Arctic amplification (AA)—referring to the enhancement of near-surface air temperature change over the Arctic relative to lower latitudes—is a prominent feature of climate change with important impacts on human and natural systems.
How does Arctic amplification affect climate change?
Arctic amplification is driving ice sheet melt, sea level rise, more intense Arctic fire seasons, and permafrost melt. A growing body of research also shows that rapid Arctic warming is contributing to changes in mid-latitude climate and weather.
What is amplify in climate change?
Polar amplification is the phenomenon that any change in the net radiation balance (for example greenhouse intensification) tends to produce a larger change in temperature near the poles than in the planetary average. This is commonly referred to as the ratio of polar warming to tropical warming.
How does Arctic amplification cause the Arctic to warm at a faster rate than the rest of the planet?
This amplification is primarily caused by melting ice — a process that is increasing in the Arctic at a rate of 13% per decade. … When ice melts, it typically reveals darker areas of land or sea, and this results in increased sunlight absorption and associated warming.
Why is the Arctic a climate change hotspot?
For the Arctic, the key determinants making it a hotspot under high warming levels are the relatively large changes in DJF, MAM and SON mean temperatures and precipitations; in JJA and SON extreme hot seasons; and in extreme wet occurrences throughout the year.
How does Arctic amplification correlate with the concept of albedo?
They found that models with larger increases in ocean heat transport, larger increases in cloud cover, and thinner control climate sea ice tended to have larger Arctic amplification. They proposed that thinner sea ice would lead to an increased ice-albedo feedback.
How does climate change affect Arctic animals?
The shorter season of the temporary sea ice is now impacting on several species of Arctic animals – including polar bears and Arctic foxes, which need the sea ice to hunt, and walruses, which use sea ice as a resting and hunting platform. …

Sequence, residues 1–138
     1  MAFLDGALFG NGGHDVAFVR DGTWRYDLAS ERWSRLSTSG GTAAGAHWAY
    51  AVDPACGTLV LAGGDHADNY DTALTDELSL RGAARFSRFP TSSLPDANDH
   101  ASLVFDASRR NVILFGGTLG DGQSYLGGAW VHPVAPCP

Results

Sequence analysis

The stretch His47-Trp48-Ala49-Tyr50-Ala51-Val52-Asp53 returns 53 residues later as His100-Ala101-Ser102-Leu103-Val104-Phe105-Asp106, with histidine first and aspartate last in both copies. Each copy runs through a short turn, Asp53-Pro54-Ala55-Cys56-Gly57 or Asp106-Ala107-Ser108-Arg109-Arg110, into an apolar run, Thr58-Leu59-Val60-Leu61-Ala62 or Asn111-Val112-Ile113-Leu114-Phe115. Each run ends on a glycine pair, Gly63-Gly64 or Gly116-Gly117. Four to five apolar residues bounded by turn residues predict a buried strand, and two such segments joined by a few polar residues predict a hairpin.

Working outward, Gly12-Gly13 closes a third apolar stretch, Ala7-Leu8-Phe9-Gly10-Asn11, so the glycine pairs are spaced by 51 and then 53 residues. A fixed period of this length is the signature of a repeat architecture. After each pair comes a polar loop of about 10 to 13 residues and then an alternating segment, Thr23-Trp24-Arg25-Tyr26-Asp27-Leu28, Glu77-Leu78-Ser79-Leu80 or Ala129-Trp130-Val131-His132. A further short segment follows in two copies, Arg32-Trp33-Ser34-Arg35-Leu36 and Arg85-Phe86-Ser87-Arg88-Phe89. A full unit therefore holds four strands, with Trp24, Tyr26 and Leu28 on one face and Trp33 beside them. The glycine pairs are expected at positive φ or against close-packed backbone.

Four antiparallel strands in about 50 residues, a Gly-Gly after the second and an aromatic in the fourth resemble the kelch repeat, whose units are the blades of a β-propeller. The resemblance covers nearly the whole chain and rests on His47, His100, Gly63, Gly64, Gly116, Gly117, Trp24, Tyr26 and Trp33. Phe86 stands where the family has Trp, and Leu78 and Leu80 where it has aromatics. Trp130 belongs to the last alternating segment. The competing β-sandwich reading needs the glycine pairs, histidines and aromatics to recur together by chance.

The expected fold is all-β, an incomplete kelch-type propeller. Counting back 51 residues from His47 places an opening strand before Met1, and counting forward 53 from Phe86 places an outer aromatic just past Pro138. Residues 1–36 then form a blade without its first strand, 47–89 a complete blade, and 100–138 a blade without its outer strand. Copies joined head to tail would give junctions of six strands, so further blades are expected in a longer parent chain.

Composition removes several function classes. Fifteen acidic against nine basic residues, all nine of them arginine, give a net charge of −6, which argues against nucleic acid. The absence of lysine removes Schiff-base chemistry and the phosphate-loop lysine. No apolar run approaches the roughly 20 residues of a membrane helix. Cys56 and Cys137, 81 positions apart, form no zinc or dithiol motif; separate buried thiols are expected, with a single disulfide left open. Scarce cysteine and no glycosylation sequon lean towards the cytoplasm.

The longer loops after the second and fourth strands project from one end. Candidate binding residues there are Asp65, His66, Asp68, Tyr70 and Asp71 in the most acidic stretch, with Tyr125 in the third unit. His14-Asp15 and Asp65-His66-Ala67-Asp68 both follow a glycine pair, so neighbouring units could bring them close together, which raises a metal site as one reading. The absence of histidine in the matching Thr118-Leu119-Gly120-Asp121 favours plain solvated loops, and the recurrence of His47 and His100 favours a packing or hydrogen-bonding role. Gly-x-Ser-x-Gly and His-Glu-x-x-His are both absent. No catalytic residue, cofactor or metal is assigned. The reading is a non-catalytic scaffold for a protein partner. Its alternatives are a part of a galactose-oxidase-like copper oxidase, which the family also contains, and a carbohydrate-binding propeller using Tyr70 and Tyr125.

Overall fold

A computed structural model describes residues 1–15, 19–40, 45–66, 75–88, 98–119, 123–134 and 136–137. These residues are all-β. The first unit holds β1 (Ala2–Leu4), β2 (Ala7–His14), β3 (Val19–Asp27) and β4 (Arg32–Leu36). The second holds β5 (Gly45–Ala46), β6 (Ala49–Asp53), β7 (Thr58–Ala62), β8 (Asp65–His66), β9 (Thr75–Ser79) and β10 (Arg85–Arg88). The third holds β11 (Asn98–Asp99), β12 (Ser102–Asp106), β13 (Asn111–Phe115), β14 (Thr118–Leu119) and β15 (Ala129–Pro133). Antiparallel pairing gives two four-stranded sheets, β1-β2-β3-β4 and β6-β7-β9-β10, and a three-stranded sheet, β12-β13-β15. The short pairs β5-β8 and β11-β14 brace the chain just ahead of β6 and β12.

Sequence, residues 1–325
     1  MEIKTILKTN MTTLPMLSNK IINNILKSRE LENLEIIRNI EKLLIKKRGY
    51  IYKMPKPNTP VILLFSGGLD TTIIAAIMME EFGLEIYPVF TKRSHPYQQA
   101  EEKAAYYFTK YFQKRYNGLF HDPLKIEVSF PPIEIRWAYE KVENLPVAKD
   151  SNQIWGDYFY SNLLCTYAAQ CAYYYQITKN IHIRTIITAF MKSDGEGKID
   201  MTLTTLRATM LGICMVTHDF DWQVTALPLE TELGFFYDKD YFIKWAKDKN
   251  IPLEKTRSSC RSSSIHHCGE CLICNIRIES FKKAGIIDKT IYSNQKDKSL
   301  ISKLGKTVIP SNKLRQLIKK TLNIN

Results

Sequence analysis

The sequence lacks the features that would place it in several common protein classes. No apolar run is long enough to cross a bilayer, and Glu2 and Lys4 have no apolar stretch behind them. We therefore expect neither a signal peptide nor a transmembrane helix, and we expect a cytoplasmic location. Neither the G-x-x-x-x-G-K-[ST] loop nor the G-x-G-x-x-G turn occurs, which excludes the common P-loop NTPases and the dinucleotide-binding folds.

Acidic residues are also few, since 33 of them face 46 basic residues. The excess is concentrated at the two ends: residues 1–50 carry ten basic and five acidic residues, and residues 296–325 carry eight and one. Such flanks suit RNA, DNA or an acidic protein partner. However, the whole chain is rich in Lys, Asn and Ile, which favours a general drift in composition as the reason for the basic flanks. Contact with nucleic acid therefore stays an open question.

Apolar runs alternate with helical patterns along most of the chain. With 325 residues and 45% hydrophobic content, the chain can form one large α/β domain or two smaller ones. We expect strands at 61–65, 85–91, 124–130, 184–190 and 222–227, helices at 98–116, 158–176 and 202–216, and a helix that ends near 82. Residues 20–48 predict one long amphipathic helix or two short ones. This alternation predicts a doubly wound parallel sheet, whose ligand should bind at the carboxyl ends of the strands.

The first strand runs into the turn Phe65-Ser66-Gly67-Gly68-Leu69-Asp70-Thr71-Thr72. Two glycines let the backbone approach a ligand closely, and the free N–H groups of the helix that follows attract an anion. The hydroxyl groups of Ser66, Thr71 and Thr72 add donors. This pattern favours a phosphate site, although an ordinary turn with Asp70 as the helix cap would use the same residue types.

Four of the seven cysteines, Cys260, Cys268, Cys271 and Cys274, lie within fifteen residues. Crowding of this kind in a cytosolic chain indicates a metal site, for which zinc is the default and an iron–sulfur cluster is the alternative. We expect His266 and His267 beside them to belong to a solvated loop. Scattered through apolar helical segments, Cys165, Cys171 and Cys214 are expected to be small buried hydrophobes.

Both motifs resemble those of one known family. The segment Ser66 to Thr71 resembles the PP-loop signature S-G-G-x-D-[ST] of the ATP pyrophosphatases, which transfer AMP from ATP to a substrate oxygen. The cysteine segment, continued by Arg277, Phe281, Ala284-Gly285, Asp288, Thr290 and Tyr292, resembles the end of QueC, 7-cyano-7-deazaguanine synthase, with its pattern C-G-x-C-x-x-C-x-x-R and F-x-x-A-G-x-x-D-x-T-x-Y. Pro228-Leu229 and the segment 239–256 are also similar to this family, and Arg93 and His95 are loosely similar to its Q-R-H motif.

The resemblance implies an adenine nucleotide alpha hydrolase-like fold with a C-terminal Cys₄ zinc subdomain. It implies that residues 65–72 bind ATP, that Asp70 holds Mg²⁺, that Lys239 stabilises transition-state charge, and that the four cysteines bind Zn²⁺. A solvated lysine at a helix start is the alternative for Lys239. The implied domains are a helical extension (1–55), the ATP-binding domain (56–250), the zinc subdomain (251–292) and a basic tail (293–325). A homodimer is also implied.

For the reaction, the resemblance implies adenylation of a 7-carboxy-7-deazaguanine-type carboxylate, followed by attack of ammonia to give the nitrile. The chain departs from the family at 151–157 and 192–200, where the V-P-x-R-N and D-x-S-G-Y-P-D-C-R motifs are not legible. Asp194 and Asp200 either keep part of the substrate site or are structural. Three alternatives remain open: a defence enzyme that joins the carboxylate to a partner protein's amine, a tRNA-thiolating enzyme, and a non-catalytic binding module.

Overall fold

Why is the Arctic warming faster than the Antarctic?
Ice is more reflective and less absorbent of sunlight than land or the surface of an ocean. When ice melts, it typically reveals darker areas of land or sea, and this results in increased sunlight absorption and associated warming. Polar amplification is much stronger in the Arctic than in Antarctica.
What are the direct effects of the Arctic warming?
Without urgent action to cut greenhouse gas emissions, the world will continue to feel the effects of a warming Arctic: rising sea levels, changes in climate and precipitation patterns, increasing severe weather events, and loss of fish stocks, birds and marine mammals.
What are the problems associated with global warming in the Arctic coastal area?
The warming has caused a cascade of physical changes, from direct effects such as the melting of sea-ice and sea level rise, to secondary effects such as decreased albedo (surface reflectivity) and coastal erosion, to tertiary effects such as the accelerated warming of the ocean due to feedback loops between different …
How is climate change affecting the north?
A shifting climate can change air and water currents that bring contaminants into the Arctic. Also, changes in ice cover and thawing permafrost appear to have contributed to increased mercury levels in some northern lakes. This results in more contaminants making their way into plants, animals, and ultimately humans.